What is Par Value in Stocks and Bonds?

Article Summary:

Par value is the face value, also known as the nominal value, of a share of stock or a bond. The amount is set by the issuer of the security and remains the same for the life of the asset. The issuer could be a corporation, government, or municipality.

Par value is set for bonds, common stock, and preferred stock, but its effect on the different securities works in different ways. To find the par value of a security, you can look at a business’s corporate charter, or it will be listed on a physical bond or stock certificate. You can also find it by looking at the shareholders’ equity section of a company’s annual report.

In this article, we’ll discuss what par value means for different assets, how this differs from an asset’s “real” value, and what this means for investors.

What is par value?

What par value actually is, and what it means in the world of investing, can be very different. When an entity, such as the government or a corporation, issues a bond or a stock, they assign it a value. That is the par value. In many cases, it doesn’t bear much relation to its value in the real world.

Par value is the minimum price that a stock or bond can be sold for. In the case of stock shares, the par value has nothing to do with the market price of the asset—what it would buy and sell for on the secondary market. Anyone who’s ever looked at a stock market ticker knows that market values fluctuate wildly. A bond’s par value, on the other hand, has a much closer relationship to its actual or “real” value in the marketplace.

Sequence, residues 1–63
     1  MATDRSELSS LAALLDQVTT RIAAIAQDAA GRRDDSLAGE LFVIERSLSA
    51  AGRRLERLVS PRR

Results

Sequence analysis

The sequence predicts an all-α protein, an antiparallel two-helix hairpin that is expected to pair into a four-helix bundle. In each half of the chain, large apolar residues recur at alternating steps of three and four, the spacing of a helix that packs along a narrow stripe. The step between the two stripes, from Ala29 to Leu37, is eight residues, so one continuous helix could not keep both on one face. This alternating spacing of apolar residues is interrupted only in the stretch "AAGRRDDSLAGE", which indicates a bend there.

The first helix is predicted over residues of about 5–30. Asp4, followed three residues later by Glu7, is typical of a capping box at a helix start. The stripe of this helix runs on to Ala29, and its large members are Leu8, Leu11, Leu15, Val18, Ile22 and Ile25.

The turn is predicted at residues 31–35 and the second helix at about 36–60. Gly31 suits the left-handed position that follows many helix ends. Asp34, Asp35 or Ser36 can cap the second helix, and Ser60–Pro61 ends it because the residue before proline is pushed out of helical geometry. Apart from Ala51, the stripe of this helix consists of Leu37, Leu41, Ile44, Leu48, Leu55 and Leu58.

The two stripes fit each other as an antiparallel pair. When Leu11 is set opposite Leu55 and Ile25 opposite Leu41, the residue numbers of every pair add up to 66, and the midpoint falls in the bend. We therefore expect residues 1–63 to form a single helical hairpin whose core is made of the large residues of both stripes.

Trading bonds

Buying a bond from an issuer is essentially lending them money for a specified period of time, with the bond issuers’ promise to repay it when the bond matures. Bonds are fixed-income securities, meaning they are debt instruments that pay investors back at a fixed interest rate.

To determine whether a bond will trade at, below, or above par, the market interest rate is compared to the bond’s coupon rate. The coupon rate determines a bond’s interest payments (or coupon payments), which are usually made twice a year.